2. Amen!
    If I were part of the club that awards perfect posts, I would totally nominate your beautifully written, well thought out, non-rant post.
    well done!

  3. I think along the same lines as you. We need to think with our heads and our hearts.

  4. Thank you for your very thoughtful and well-put comment Jenny. I thought it was a scarily large minority group I was talking about, but you say the majority of Americans don't believe in evolution - now I do find that worrying.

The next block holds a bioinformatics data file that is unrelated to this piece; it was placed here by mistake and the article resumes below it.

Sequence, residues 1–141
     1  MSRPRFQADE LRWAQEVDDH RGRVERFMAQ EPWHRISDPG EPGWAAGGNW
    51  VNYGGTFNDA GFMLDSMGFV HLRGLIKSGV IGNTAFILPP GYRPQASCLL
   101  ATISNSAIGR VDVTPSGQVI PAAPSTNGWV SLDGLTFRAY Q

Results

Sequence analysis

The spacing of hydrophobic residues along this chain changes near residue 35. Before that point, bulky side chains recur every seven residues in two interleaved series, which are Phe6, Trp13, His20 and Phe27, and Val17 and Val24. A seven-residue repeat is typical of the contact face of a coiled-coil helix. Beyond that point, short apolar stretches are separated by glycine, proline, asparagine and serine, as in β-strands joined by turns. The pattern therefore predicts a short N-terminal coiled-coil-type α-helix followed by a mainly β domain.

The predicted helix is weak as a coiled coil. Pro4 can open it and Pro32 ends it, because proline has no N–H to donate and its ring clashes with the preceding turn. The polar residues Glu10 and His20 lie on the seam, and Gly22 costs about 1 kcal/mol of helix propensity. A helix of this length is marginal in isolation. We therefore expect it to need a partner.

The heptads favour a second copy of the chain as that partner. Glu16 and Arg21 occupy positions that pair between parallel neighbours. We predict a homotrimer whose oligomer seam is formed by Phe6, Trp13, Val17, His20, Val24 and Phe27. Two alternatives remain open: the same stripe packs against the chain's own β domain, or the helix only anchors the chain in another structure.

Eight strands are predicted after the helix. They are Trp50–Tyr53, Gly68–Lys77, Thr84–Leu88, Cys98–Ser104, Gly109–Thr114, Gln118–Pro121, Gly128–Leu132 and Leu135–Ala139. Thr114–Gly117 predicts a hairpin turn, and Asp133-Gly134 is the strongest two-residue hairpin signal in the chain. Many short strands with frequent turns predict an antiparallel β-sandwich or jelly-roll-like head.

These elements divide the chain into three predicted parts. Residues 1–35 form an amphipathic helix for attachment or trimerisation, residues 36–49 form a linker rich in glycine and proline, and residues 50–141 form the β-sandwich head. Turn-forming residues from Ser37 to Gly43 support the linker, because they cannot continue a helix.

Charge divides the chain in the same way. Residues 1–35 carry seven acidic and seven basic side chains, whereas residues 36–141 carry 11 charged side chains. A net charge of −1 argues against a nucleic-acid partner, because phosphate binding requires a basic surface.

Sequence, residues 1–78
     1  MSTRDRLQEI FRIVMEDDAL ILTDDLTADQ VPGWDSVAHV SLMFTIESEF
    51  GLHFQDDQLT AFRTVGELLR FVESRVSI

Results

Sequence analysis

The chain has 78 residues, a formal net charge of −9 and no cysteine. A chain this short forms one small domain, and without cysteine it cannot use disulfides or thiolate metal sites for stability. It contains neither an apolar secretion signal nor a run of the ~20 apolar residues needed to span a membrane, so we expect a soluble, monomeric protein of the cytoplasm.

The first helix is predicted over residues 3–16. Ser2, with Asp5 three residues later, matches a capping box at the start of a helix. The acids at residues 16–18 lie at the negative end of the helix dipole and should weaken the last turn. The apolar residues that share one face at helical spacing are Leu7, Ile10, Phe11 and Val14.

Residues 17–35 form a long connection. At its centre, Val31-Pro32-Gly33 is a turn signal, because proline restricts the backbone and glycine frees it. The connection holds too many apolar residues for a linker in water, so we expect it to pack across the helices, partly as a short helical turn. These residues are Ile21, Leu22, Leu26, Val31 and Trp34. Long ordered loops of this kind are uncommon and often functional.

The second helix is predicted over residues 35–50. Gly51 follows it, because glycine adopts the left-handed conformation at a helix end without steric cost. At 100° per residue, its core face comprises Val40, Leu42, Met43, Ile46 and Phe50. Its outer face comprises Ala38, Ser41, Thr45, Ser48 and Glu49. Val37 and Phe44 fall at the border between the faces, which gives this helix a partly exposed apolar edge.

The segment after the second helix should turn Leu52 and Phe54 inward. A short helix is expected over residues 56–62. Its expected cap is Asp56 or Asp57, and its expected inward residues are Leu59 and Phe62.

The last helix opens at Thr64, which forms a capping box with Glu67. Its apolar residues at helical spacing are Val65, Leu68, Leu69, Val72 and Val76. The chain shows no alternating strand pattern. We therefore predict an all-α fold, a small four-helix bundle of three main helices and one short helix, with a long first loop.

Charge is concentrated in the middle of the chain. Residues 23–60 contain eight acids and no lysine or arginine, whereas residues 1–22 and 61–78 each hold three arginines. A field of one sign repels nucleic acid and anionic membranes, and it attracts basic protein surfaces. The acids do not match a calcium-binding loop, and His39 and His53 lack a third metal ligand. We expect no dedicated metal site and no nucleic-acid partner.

Thanks Nicolle and Meredith too.

  5. the truth will set you free...seeking the truth is the hard part.
    Walking a journey that is based on love is what I seek.
    The answers are there, living them is enough work for me, let alone trying to figure it all out!
    Good writing!!

  6. Beautiful post. Open heart and open mind, a simple idea that seems to be so difficult for so many. My wish is that I can be an example of an open heart and an open mind for my children.


Thanks for your comments - I appreciate every one!